Els takes British as Scott collapses down stretch

By Doug FergusonJuly 22, 2012, 6:30 pm

LYTHAM ST. ANNES, England – Ernie Els felt something special could happen at the British Open, and it did.

All because of a collapse by Adam Scott that no one imagined.

Four shots ahead with four holes to play - after eight straight holes with nothing worse than par - Scott bogeyed them all and had to fight back tears on the 18th green Sunday as the magnitude of his meltdown began to sink in.

Els, who started the final round six shots behind, finished off a flawless back nine with a 15-foot birdie putt for a 2-under 68 that looked as if it would do little more than lock up another runner-up finish at Royal Lytham & St. Annes. Instead, he wound up with his second British Open - the other one was 10 years ago at Muirfield - and fourth major championship at a stage in his career when it seemed as though his best golf was behind him.

''Amazing,'' Els said. ''I'm still numb. It still hasn't set in. It will probably take quite a few days because I haven't been in this position for 10 years, obviously. So it's just crazy, crazy, crazy getting here.''

The celebration was muted, unlike his other three majors.

''First of all, I feel for Adam Scott. He's a great friend of mine,'' Els said. ''Obviously, we both wanted to win very badly. But you know, that's the nature of the beast. That's why we're out here. You win, you lose. It was my time for some reason.''

The wind finally arrived off the Irish Sea and ushered in pure chaos - a mental blunder by Tiger Woods that led to triple bogey on the sixth hole, a lost ball by Brandt Snedeker that took him out of contention and a topped shot that made former U.S. Open champion Graeme McDowell look like an amateur.

Nothing was more stunning that what happened to Scott.

He failed to get up-and-down from a bunker on the 15th. With a wedge in his hand in the 16th fairway, he went 30 feet long and missed a 3-foot par putt. From the fairway on the 17th, he pulled his approach into thick grass left of the green. And on the final hole, he hit 3-wood to near the face of a pot bunker.

Scott still had a chance to force extra holes with a strong shot into 7 feet on the 18th for par. The putt stayed left the entire way. His chin buckled, and it looked as if he might start crying on the green. He composed himself and mouthed one word: ''Wow.''

''I had it in my hands with four to go,'' Scott said. ''I managed to hit a poor shot on each of the closing four holes. Look, I played so beautifully for most of the week. I shouldn't let this bring me down.''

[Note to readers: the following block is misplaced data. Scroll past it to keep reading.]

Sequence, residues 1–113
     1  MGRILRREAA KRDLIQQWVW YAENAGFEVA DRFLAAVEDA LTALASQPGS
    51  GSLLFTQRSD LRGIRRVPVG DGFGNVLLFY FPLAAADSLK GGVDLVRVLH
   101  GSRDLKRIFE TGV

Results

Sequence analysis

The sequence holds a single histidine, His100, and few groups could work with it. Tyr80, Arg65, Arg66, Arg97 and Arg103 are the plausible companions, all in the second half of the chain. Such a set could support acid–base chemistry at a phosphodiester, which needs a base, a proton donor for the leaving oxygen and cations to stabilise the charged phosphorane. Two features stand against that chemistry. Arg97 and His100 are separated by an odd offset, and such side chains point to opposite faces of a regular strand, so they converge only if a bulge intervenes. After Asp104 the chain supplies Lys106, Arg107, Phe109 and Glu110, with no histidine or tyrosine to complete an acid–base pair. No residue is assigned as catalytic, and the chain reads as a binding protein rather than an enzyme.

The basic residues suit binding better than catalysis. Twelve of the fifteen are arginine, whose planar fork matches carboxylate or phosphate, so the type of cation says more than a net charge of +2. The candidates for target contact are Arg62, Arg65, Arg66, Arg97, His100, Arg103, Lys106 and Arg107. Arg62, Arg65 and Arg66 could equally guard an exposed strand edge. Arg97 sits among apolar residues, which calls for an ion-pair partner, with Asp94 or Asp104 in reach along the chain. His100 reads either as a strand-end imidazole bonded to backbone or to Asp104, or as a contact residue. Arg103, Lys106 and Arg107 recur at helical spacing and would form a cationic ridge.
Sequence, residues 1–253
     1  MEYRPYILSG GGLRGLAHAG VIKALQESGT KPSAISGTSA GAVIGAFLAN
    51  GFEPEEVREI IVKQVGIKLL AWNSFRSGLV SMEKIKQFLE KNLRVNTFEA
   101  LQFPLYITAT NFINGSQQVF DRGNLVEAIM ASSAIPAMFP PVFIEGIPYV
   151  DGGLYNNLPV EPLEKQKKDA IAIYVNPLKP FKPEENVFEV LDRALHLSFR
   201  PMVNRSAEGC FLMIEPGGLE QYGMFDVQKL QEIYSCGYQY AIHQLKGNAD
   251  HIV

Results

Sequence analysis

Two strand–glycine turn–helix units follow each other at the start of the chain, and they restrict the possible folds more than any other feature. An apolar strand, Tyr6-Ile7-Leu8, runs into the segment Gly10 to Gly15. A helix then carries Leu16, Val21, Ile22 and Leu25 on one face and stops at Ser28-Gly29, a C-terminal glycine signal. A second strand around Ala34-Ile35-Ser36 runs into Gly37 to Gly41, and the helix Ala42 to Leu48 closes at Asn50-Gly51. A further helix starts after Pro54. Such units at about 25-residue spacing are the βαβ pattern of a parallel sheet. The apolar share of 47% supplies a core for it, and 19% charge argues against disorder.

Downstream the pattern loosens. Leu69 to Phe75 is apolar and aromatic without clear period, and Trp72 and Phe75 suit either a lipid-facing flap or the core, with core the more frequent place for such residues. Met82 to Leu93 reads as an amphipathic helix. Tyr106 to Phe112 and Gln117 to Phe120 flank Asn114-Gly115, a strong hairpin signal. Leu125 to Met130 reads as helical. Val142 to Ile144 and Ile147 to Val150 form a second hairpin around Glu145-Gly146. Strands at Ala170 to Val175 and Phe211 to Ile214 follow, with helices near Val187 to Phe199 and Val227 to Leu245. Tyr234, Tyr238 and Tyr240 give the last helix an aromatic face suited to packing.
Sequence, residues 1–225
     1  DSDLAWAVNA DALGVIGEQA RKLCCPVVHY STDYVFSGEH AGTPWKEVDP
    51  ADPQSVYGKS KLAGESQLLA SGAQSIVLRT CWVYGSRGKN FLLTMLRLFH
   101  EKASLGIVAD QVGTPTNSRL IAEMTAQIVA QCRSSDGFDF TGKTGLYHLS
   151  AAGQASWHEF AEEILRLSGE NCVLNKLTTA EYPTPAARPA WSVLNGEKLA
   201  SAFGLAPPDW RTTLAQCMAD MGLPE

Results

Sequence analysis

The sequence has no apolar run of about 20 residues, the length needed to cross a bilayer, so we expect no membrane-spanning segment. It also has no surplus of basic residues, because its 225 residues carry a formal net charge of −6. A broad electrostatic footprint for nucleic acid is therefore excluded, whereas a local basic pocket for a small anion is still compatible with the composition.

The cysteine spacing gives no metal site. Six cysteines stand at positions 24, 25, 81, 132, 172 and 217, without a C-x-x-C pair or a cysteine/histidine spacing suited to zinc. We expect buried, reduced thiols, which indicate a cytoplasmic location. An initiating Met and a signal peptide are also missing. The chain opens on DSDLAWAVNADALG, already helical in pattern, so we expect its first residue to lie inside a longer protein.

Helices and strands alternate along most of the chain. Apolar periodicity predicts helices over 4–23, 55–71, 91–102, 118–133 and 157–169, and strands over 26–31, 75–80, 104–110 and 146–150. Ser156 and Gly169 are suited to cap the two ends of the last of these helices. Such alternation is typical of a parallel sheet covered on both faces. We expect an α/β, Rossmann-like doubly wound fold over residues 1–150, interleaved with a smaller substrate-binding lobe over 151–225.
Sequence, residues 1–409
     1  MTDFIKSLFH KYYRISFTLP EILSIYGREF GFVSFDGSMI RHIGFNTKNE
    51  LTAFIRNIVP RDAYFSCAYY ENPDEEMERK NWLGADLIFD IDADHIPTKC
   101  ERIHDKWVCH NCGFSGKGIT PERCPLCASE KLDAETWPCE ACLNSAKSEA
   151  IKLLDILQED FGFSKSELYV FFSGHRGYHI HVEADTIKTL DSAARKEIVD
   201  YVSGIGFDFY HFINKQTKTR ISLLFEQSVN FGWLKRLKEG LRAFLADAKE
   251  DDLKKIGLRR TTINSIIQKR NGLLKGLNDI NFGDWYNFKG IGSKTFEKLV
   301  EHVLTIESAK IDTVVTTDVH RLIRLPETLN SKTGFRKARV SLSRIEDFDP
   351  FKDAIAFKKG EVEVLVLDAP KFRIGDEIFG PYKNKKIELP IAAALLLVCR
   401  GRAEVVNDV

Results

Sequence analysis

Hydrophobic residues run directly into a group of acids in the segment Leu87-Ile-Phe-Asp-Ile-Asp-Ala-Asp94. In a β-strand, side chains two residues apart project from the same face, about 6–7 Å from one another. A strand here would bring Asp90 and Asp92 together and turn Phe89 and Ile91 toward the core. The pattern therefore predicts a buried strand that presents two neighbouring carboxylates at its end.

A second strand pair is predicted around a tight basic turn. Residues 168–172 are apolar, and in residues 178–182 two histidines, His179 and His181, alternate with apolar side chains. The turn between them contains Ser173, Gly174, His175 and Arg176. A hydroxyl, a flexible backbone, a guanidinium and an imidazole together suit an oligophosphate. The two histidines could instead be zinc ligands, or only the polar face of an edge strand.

Even so, it added another chapter to Australian heartbreak, most of that belonging to his idol, Greg Norman.

Scott was the fourth Australian since the 2007 Masters to lead going into the final round of a major, yet the proud land Down Under remains without a major since Geoff Ogilvy won the U.S. Open at Winged Foot in 2006.

''Greg was my hero when I was a kid, and I thought he was a great role model, how he handled himself in victory and defeat,'' Scott said. ''He set a good example for us. It's tough. I can't justify anything that I've done out there. I didn't finish the tournament well today.

''But next time - I'm sure there will be a next time, and I can do a better job of it.''

Already in the World Golf Hall of Fame, the 42-year-old Els joined even more elite company. He became only the sixth player to win the U.S. Open and British Open twice. The others are Jack Nicklaus, Woods, Walter Hagen, Bobby Jones and Lee Trevino.

Woods came undone on the sixth hole when he tried to blast out of a bunker from a plugged lie, stayed in the bunker, and three-putted for triple bogey. Still with an outside chance after a birdie on the 12th, he stuck with his conservative plan of hitting iron off the tee and made three straight bogeys. He closed with a 73 to tie for third with Brandt Snedeker, who also had his share of problems for a 74.

Woods had his best finish in a major since he lost to Y.E. Yang in the 2009 PGA Championship, though he remains winless in his last 17.

''It's part of golf,'' said Woods, who moves to No. 2 in the world. ''We all go through these phases. Some people, it lasts entire careers. Others are a little bit shorter. Even the greatest players to ever play have all gone through little stretches like this.''

Els finished at 7-under 273. He failed to qualify for the Masters this year for the first time in nearly two decades, but that won't be a problem now. His win gives him a five-year exemption into the majors.

Even in the closing ceremony, holding that precious claret jug for the second time, his thoughts immediately went to Scott.

''Sorry,'' he said, looking at the 32-year-old Australian, whose final bogey gave him a 75. ''You're a great player, a great friend of mine. I feel very fortunate. You're going to win many of these.''

It took Scott a decade just to get into position, and he let it slip away. It was the most shocking collapse at the British Open since Jean Van de Velde took a triple bogey on the final hole at Carnoustie and lost in a playoff. But this was different. It wasn't a last-minute blowup, more of a slow bleed, similar to Jason Dufner losing a five-shot lead to Keegan Bradley in the PGA Championship last year, or Ed Sneed making bogey on the last three holes at the 1979 Masters.